Reviewby Rebecca Silverman,
Of the Red, the Light, and the Ayakashi
Yue lives in the temple above a town that may not exist to those who live outside of it. He is not allowed to go into the town, but on the eve of a festival he and his black kitsune sneak out. There he meets two boys – Tsubaki and Akiyoshi, whom he feels a strange connection with. The master of the shrine tells him that this is because one of the boys must become his “meal.” What that means and what the truth is about Yue and the town of Utsuwa, have yet to be revealed...
Perhaps we should start with the obvious: Of the Red, the Light, and the Ayakashi is a really awkward title. Its Japanese original is Akaya Akashiya Akayashino, which is not an easy one to translate – not only does the meaning have to be conveyed, but even non-Japanese speakers can see the deliberate pattern in the series' title. That said, the English version does work for, if not the entire book, than at least for the opening scene, which takes place at a festival. The first few pages are presented in color and have a sort of other-worldly red haze to them, which is presumably supposed to envelop the whole town of Utsuwa. Given that this series is based on a visual novel from HaccaWorks, it makes sense that a little something color-wise would be lost in the transition to manga.
The story is set in and above the country town of Utsuwa. Yue was raised at the temple and has never been allowed to leave it; he looks perfectly human, but something about his eyes and the fact that the temple is run by a kitsune with nine tails (suggesting great age and power) makes us think otherwise. On the night of the festival, Kurogitsune, Yue's black fox companion, suggests that it might be fine for them to sneak out of the temple, and Yue is struck by the bustle of people he sees...even if they all look like shadow foxes to him. Only two boys appear as humans in his eyes – withdrawn Tsubaki and apparently crazy Akiyoshi. When Yue is called on his outing and he relates this information to the head priest and kitsune, they tell him that this means it is time for him to make one of the boys his “meal.”
Beyond that bit of solid information, we really don't know much for certain. Yue has a wide acquaintance of human-looking “people” (presumably ayakashi, or supernatural beings) and one person makes a comment that the train never stops at Utsuwa station, almost as if they didn't even know it was there. Add to this school gossip about people being “spirited away” and forgotten, and you've got the set up for a very eerie place not quite of either the human or the spirit worlds. This set up element is one of the strongest parts of the volume, setting a mood that falls somewhere between dreamlike and unsettling, to say nothing of raising a lot of questions that make you want to keep reading to find out the answers. Yue is certainly the man of mystery of the hour, but Akiyoshi actually is the character who raises more questions at this point – his “allergies,” which have him coughing and sneezing like a fiend in most of his scenes, seem to disappear when he's at home, and his parents appear to be oddly strict. Add to that his stalking of Tsubaki and he starts to look more suspicious than the ayakashi roaming the town.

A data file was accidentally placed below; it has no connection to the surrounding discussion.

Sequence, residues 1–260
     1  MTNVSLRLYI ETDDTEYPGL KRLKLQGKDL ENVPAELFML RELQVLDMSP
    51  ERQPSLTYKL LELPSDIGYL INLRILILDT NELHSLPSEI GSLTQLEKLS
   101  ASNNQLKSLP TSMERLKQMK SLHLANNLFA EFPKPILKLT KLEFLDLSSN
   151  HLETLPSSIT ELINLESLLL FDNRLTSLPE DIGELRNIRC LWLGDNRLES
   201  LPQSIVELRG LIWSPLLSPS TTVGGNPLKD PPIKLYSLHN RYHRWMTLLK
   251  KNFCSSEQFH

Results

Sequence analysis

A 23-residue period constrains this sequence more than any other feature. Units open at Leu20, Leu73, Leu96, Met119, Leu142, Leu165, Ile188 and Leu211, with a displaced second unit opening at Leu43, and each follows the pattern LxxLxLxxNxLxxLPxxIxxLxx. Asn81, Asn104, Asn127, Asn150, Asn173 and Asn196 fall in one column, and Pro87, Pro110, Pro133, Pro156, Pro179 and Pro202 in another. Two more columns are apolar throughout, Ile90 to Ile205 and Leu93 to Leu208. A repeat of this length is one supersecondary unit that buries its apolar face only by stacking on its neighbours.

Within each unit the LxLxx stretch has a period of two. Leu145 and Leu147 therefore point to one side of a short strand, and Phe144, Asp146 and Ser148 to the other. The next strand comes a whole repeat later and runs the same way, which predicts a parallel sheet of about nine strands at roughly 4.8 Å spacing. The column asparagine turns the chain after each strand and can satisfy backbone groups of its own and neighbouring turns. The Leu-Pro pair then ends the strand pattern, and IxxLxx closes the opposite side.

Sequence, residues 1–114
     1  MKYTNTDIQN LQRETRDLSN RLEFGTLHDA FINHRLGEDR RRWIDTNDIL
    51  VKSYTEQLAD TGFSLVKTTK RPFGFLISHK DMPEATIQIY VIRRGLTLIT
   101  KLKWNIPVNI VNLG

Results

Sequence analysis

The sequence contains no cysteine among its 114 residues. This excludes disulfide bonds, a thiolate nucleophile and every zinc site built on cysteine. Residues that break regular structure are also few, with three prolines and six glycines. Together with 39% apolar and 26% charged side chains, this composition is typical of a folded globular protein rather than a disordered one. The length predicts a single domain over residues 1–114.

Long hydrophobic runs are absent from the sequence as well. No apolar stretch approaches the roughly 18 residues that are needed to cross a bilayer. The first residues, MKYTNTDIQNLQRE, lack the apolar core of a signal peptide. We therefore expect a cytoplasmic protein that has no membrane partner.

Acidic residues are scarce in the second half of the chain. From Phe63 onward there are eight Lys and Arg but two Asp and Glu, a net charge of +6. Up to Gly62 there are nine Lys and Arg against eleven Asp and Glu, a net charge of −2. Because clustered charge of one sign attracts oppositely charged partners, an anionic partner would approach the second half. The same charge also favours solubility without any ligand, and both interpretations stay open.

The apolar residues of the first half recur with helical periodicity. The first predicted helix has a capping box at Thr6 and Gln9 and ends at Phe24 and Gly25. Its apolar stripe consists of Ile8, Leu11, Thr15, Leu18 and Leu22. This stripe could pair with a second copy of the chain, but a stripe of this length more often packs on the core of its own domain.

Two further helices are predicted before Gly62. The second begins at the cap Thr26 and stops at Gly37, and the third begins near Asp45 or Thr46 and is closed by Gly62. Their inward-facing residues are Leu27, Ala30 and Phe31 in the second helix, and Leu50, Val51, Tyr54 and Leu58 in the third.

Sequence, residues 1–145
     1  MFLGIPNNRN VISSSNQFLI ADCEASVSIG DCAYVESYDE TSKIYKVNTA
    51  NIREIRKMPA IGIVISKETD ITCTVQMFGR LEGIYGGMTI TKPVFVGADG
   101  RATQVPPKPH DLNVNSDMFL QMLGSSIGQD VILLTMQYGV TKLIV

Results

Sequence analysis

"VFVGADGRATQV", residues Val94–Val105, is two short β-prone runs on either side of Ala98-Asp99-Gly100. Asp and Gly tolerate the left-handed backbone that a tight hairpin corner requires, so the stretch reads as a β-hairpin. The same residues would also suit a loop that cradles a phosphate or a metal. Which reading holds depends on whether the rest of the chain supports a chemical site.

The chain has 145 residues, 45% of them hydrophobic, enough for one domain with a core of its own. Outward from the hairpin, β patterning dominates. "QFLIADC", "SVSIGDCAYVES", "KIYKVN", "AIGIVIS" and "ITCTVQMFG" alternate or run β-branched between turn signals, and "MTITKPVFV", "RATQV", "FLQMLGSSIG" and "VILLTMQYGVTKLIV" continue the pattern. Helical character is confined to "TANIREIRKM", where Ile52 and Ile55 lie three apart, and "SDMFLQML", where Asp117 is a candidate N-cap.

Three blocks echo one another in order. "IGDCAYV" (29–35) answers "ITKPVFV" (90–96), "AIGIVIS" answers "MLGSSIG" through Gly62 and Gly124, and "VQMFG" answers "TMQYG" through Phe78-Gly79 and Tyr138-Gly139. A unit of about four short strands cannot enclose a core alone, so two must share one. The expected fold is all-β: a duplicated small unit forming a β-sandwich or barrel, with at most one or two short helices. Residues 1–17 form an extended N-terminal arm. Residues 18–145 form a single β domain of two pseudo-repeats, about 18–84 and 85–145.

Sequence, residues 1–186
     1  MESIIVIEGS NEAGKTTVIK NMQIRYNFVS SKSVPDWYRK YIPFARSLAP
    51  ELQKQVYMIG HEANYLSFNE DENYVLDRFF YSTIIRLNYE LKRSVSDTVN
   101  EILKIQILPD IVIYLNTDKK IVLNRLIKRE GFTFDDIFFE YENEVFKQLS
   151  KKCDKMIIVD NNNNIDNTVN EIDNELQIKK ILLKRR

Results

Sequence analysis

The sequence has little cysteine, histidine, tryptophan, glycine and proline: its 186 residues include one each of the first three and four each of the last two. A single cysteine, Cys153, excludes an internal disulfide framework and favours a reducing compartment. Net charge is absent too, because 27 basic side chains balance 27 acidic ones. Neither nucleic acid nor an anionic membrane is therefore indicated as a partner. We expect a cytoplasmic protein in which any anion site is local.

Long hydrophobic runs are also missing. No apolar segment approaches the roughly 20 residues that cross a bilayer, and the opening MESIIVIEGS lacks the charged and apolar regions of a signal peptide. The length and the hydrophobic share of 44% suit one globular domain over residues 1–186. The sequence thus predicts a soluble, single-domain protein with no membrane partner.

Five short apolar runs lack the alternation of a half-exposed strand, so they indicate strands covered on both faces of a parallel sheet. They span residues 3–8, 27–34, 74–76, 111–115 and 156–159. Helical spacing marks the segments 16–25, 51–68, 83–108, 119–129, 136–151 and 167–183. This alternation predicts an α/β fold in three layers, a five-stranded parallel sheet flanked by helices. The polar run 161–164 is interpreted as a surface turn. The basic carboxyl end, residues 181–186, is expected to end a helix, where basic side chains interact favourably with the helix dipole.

Unfortunately, this volume is almost too full of questions – we learn very little about what's really going on and the hints, though tantalizing, are also on the vague side and feel very much like any other supernatural series set in a creepy town. There's some question about whether or not Tsubaki and Akiyoshi can see and hear Kurogitsune – at first it looks like no, but later yes – and it also feels unclear as to whether or not the townspeople are aware of the strange things about their town. Add in a few clichés like a creepy kindergartener, a girl with an eye-patch, and people who deliberately refuse to explain things to the protagonist while making veiled and somewhat threatening statements about him and this is really very similar to other stories in its genre.
Of course, a series doesn't have to be different to be good, and Of the Red, the Light, and the Ayakashi does a decent job at making all of the old tricks work for it. Nanao's art is almost wispy in its delicacy, and the use of scarves as identifiers for characters whom we see through Yue's eyes and the other boys' eyes is a nice detail. Paying close attention to pupils will also pay off, and overall much of the dreamlike quality is achieved because of her artwork. Yen Press' translation is very readable, and I get the impression that this was a series where words had to be chosen very carefully. By and large, it works.
Of the Red, the Light, and the Ayakashi's first volume is a bit hard to pin down. It has a lot going on and very few answers, but it also is fascinating in its lack of solidity. It will need to start explaining things in volume two, but for a first book, supernatural fans should find themselves getting pulled in.
Overall : B
Story : B-
Art : B
+ Mysterious and intriguing in both art and story, uses the clichés well. Opening color pages are useful to setting the mood.
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